This year I had students use Excel for plotting graphs in physics. I went pretty good for constant velocity but very awkward for constant acceleration. It required students to manually find tangent lines on their x-t graphs, calculate slopes, then put it all together coherently to produce a v-t graph. There are lots of things going on in this task and while I think many physics teachers see value in this, I also think that performing all the manual steps the confounds foundation ideas in the constant acceleration model.
I started this year determined to go all in for Office 365. Things I was hoping to leverage: VSB outlook emails so I would never have to collect student email addresses and students would always be able to re-set their passwords OneNote notebook sharing so our day-to-day agenda, topics covered, handouts and notes would be instantly available to students Forms to take care of soliciting student ideas or input OneDrive for sharing Excel and Word files with me So far things have not been working out super great.
My classes just finished doing a conservation of momentum lab. In many ways it was a big disappointment. We ended up spending 2-1/2 classes on the lab, with little to show for it. The general idea was to record position and time data from 6 videos (6 different types of collisions), calculate velocities and momentum, and compare total momentum before and after. There were lots of problems with this: Students would make mistakes in recording data or making a calculation, and every mistake helps to obscure the goal of seeing that total momentum doesn’t change.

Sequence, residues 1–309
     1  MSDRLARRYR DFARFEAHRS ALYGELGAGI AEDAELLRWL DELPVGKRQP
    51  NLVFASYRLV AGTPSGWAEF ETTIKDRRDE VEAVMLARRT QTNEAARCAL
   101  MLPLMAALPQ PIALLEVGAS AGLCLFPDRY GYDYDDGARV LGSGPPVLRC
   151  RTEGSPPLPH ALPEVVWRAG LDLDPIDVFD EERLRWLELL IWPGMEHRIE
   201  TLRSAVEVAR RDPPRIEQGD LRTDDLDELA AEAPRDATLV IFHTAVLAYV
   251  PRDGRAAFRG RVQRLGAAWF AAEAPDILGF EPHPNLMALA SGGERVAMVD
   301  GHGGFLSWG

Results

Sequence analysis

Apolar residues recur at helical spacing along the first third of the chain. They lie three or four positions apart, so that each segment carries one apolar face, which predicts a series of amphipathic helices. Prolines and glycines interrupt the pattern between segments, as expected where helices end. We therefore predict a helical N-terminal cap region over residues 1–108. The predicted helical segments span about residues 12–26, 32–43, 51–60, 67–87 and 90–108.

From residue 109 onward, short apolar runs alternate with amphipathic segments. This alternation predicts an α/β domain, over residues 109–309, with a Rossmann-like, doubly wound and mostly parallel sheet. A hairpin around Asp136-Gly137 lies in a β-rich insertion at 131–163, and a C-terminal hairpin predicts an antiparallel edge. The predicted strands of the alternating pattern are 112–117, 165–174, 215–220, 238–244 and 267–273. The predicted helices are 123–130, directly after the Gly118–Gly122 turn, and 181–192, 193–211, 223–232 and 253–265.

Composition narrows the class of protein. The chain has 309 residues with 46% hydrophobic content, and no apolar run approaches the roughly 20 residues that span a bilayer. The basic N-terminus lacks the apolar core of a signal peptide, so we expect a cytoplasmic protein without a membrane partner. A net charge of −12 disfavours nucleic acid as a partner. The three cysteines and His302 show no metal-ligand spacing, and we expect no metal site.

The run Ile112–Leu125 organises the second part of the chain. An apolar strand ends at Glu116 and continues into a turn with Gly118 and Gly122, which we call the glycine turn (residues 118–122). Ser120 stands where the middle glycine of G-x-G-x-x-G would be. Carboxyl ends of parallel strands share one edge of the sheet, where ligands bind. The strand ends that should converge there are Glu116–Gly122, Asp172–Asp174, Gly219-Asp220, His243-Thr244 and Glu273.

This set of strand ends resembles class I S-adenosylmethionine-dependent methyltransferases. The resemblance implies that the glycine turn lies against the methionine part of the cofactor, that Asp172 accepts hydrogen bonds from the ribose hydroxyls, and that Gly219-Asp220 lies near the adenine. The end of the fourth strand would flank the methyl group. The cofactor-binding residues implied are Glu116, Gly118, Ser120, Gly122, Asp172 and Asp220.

I was going through some emails I have from a listserv I subscribe to and I came across a conversation we had earlier this year about Chromebooks vs real computers (forgive my cheeky provocation). Below I have copied a message sent to the listserv that summarizes the struggle I see happening around our schools. I personally haven’t had to deal much with the chromebook vs PC purchasing quandry, mostly because we can’t afford any devices, full stop.
Over the past 4 years I’ve used several different platforms for classroom websites including wikispaces, wordpress and moodle. They each have strengths and weaknesses, and they all have one thing in common: it takes a lot of work to keep them updated throughout the year. By the end of this year I was taxed out and unsure if I was willing to continue with class websites, the reason being that I wasn’t convinced that my students really used them very much.
Although I could make a list of 10 uses for old toothpaste tubes in a classroom, I think it would be a waste of time and pretty much useless. Afterall, I have no pedagogical need to use toothpaste tubes in my classrooms and even if I had one use for them I doubt I could think of 10 good uses. The same goes for the “10 uses for in your classroom” blog posts and online articles.
Yesterday Linda Kwan was nice enough to give me and my VP a tour of her wireless projector at UHill Secondary. I’ve had some trepidation on our upcoming wireless system and was really interested in seeing a wireless projector in action. Linda was able to demonstrate just how well the Epson wireless software interacts with the Brightlink projector, and it was great to see the system working. The LAN connected quickly without any hitches.